When developing a new combination product, there are 2 strategies that can be used for selecting the drug delivery platform:

The first strategy is to design your own bespoke device from scratch, or as a variant of an existing technology you already own the IP for. Alternatively, the second is to purchase an off-the-shelf platform that is already in production with an CDMO (Contract Device Manufacturing, Organisation).

In many instances, using an off-the-shelf solution can save a significant amount of time as the majority of the design and manufacturing issues should have already been resolved along with an increased confidence built that the complex mechanisms that are in these devices will work repeatably. Parts of the design history file should also already exist which reduces the time required to prove that you fully understand how a device functions.

However, it is important to be aware that the drug delivery platform is a component within your product and not the whole package. The product which is certified is a combination of drug and delivery platform or, combination product. Therefore, the perceived time saving of using an off-the-shelf platform can be deceptive and with a lot of new drug products, they may have characteristics that mean they can’t be used with an off-the-shelf platform. This may relate to the drug itself (viscosity, molecular makeup, storage requirements, etc.) or, relating to the use of the device (human factors, etc.).

As well as the product itself, there is also the infrastructure to support the manufacture of a device whether it’s an off-the-shelf or bespoke platform, it is likely that there will be new assembly lines to set up, new quality systems to install as well as assembly tooling to develop and validate. When you start to factor in the overall package, the device itself is a relatively small component within a much larger system.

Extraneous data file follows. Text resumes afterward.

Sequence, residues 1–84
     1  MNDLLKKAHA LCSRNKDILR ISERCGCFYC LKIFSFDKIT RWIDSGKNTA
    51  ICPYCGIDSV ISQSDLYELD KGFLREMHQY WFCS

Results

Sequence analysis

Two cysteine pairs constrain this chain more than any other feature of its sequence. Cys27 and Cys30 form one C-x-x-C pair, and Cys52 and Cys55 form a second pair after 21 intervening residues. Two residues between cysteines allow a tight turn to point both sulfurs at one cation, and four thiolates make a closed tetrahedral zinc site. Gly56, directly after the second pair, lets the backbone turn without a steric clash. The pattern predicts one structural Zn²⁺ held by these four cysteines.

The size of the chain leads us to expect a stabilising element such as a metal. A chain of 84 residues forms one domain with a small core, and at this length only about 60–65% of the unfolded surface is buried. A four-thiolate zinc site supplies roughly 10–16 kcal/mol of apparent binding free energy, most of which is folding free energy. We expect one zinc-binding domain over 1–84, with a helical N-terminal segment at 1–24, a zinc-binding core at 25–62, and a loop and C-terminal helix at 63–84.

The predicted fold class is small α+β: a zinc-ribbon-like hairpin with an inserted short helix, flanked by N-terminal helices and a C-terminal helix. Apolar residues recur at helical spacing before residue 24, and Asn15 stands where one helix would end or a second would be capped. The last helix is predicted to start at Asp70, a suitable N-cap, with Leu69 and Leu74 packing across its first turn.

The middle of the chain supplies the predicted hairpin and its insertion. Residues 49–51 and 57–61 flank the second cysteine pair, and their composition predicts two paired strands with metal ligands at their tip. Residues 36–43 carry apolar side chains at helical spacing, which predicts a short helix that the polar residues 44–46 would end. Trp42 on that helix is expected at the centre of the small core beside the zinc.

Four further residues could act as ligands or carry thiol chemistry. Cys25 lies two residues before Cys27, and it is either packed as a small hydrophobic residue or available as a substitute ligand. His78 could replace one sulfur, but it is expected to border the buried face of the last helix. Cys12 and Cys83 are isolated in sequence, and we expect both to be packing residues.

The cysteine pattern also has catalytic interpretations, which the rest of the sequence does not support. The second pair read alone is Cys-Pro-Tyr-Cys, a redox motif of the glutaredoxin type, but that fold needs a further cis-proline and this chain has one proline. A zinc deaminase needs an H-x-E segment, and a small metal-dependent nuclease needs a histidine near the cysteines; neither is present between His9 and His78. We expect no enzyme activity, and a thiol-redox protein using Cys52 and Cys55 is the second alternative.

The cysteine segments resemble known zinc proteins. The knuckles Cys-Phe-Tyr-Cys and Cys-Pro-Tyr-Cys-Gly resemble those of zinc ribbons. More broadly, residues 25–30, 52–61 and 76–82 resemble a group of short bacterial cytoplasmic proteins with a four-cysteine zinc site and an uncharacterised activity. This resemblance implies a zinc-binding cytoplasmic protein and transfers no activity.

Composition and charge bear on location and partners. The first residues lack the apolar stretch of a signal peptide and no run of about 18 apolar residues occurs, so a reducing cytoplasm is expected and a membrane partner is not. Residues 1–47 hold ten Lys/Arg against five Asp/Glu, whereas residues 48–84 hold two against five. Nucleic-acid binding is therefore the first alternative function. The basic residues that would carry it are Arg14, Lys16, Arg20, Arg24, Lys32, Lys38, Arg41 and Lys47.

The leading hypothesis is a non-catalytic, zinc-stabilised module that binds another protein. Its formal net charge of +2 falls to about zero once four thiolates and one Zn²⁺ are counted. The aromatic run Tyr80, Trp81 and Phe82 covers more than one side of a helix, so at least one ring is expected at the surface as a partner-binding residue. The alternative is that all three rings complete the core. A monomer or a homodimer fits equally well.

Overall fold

A common approach to navigating the regulations is to prove substantial equivalence to an existing device. For example, with an emergency use autoinjector, existing devices have a repeatable activation force which to show equivalence, your device would have to match.

It may not be possible to find an off-the-shelf solution that has the specific requirements which you desire and the CDMO may not be willing to make the required design changes as the knock-on effect, with custom tooling and revalidation of the design may outweigh the benefits of a bespoke design.

Having your own platform with projected IP of which you have full ownership can be a powerful tool in making it more difficult for competitors to release competing products. Using mechanisms that you own the IP for, where there isn’t another simple way of getting the same results, would likely force competitors to have to prove via human factors trials that different forces/characteristics are acceptable or, prevent being able to release a competing product at all.

If you have specific aesthetic requirements, many off-the-shelf devices don’t have the flexibility to change things other than labels. However, there are more and more off-the-shelf solutions that offer customers the ability to change things like needle covers, safety caps and colours to give a level of customisation.

One of the hardest parts in any project is ramping up volumes. Typically, when designing your own devices, you will produce prototypes on soft or cartridge tooling to prove out the design. Often, it’s not as simple as stepping from low-volume to high-volume tooling and production teething issues are likely to occur at this stage. Off-the-shelf solutions will have already gone through this stage which can be a valuable area to save time in your project.

Whether you have a clear vision of how you want your bespoke device designed or, you’re unsure whether to use an off-the-shelf platform as part of your development strategy, please get in touch for more advice or to discuss your project.

Jack Dunkley CEng - Medical Device Engineering Director at Haughton Design Jack Dunkley CEng 20 January 2023


Get in Touch with Jack Dunkley CEng

Engineering Director

Jack is a chartered engineer who holds a Master’s degree in Mechanical Engineering from Cardiff University. He has experience working with design for injection moulding, machining and sheet metal as well as design for assembly and serviceability. Prior to HD, he worked at metrology company Renishaw for 6 years where he led several complex mechanical projects from initial concepts through to production. He has also worked at electrosurgical medical device manufacturer Olympus Surgical Technologies Europe (Gyrus ACMI).

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